Basketball team at Orthodox Jewish Beren Academy has to forfeit in state tournament because game conflicts with Sabbath

Prior to this week, the Beren Academy boys basketball team was on its way to a Texas state championship. The Stars are 23-5 on the season and were scheduled to take on Dallas Covenant this Friday in the Texas Association of Private and Parochial Schools 2A state tournament. Instead, they will have to forfeit. Beren is a Jewish Orthodox school and the game was slated for Friday night at 9 p.m. Beren students must observe the Jewish Sabbath from sundown on Friday until sundown on Saturday. According to the Houston Chronicle, Beren officials appealed to TAPPS to try to have the game moved to an earlier time, but their appeal has been denied.

“It’s disappointing. I’ve been here 10 years and I’ve always known where our priorities lie,” Beren coach and athletic director Chris Cole said. “We were hopeful and optimistic going in that we could be able to do both — adhere to the religious beliefs here and play basketball.”

Dallas Covenant will instead face Kerrville Our Lady of the Hills, which is the team Beren beat by a score of 69-42 last week. To this point, Beren was successful in rescheduling two of its Friday and Saturday playoff games earlier in the month so they could play earlier in the day. Teams are not allowed to play on Sundays because of traditional Christian warship, which limits opportunities to reschedule games.

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Mike Leach Wanted His God Squaders Using Their Entire Brains

Have you ever wondered what goes on during those infamous pregame, halftime, and postgame speeches? And no, I’m not talking about players’ dongs being shown on national TV, but the speeches the coaches make. Well thanks to the efforts of Orangebloods who used the Texas Open Records Act, we now have been blessed to see video of postgame speeches made by former Texas Tech coach, Mike Leach.

The first video comes after Texas Tech’s 42-21 win over Kansas this past season. In the video, Leach calls out some of his religious players for not playing hard enough, referring to them as “god squadders.” The second video comes after Texas Tech’s 20-13 win over Baylor. Leach goes into a six-minute long rant with tons of cussing. He makes several valid points and lashes out against his players for feeling entitled to success. These videos will likely be used by Texas Tech in defense for their pending court case involving Leach’s firing from the school. These videos don’t mean much to me because its commonly known that coaches cuss and use extreme measures to fire up their players. This also doesn’t change my belief that Adam James was lazy and felt entitled. Anyway, here are the videos, and beware of all the cussing:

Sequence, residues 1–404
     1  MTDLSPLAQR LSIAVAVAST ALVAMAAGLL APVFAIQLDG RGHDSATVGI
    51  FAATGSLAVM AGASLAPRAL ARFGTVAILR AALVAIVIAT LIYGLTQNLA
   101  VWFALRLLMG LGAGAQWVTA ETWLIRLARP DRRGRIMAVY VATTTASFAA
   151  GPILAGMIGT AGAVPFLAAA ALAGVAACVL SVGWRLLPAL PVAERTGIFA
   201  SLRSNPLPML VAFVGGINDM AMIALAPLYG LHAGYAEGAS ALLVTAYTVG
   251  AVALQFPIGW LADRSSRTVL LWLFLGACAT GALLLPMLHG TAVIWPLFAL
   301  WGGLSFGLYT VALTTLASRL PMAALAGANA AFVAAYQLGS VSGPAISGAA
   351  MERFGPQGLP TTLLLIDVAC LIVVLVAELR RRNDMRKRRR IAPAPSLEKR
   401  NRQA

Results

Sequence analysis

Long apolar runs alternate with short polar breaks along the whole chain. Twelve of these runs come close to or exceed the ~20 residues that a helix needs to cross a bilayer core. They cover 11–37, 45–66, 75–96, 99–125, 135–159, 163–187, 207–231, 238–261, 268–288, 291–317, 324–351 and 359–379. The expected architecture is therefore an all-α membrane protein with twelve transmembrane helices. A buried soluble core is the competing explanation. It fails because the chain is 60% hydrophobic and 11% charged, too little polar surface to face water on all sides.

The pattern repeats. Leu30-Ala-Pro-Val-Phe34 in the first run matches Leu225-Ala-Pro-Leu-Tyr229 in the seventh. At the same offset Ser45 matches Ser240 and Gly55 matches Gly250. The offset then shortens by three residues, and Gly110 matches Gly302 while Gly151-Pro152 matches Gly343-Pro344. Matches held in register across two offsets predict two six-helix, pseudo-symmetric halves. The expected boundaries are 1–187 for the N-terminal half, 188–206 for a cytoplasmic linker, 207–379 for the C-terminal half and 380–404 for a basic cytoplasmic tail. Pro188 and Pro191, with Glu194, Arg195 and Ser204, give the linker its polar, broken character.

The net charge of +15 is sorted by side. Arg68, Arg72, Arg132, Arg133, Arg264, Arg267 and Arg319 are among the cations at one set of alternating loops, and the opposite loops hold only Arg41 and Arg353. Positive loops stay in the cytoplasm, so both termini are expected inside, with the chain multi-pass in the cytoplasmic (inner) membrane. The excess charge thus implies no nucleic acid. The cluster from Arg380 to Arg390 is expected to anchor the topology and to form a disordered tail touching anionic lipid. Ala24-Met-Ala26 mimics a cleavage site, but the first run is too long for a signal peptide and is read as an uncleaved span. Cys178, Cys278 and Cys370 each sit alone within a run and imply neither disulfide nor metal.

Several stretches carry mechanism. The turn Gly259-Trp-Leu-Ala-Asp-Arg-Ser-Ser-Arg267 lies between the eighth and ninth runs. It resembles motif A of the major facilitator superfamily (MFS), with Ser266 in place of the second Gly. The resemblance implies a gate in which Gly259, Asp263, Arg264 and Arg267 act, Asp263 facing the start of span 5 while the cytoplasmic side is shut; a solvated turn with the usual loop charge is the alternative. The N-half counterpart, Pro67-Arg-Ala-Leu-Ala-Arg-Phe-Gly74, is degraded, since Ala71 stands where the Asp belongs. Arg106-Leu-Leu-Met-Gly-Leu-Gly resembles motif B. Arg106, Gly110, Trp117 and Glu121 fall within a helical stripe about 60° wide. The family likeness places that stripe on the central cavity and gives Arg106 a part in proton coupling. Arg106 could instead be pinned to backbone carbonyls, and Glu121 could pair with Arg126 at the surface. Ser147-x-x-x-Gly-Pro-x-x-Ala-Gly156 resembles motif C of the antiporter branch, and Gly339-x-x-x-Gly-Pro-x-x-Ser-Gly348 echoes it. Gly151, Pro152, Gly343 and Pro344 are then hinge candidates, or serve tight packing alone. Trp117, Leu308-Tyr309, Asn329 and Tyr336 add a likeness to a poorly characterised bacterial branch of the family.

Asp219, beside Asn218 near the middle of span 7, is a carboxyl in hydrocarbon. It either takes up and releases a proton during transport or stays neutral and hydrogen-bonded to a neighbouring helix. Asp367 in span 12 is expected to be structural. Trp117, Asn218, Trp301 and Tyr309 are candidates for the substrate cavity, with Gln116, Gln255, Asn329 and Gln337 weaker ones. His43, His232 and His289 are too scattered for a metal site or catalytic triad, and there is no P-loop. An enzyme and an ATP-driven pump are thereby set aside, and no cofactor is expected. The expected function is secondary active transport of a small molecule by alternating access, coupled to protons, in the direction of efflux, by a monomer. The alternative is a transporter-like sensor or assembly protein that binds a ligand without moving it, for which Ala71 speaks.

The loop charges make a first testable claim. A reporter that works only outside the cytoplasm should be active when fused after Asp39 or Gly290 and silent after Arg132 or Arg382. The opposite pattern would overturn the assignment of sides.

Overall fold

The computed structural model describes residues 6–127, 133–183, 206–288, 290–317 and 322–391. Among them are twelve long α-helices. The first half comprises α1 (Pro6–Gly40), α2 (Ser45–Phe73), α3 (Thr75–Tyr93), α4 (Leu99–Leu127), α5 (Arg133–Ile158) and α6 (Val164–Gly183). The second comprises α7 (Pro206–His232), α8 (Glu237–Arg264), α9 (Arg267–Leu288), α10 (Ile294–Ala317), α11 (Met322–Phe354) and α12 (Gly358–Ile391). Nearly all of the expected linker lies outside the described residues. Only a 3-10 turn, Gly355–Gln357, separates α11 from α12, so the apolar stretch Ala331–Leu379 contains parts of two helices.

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Magic Will Beat the Lakers, For God Is on Their Side

Funny, wasn’t it only a few months ago we were going through this same spiel when Kurt Warner was playing in the Super Bowl? At that time their coach Ken Whisenhunt had said the Cardinals had an edge because of their religious beliefs. Well Dwight Howard’s not playing football but he’s in the basketball equivalent of the Super Bowl — the NBA Finals. While Howard’s been known to thank God following games, he’s never gone as far as he did with Chris Sheridan. Here’s how Sheridan described things after Orlando’s Game 6 clinching win over the Cavs:

Earlier, in the locker room, I had asked Howard to give me one or two reasons I should consider picking the Magic to defeat the Lakers.

“God” was his answer, which was met with the counterargument that the Lord probably has better things to worry about than who wins a basketball game, and besides, religion and politics are usually best kept out of sports stories.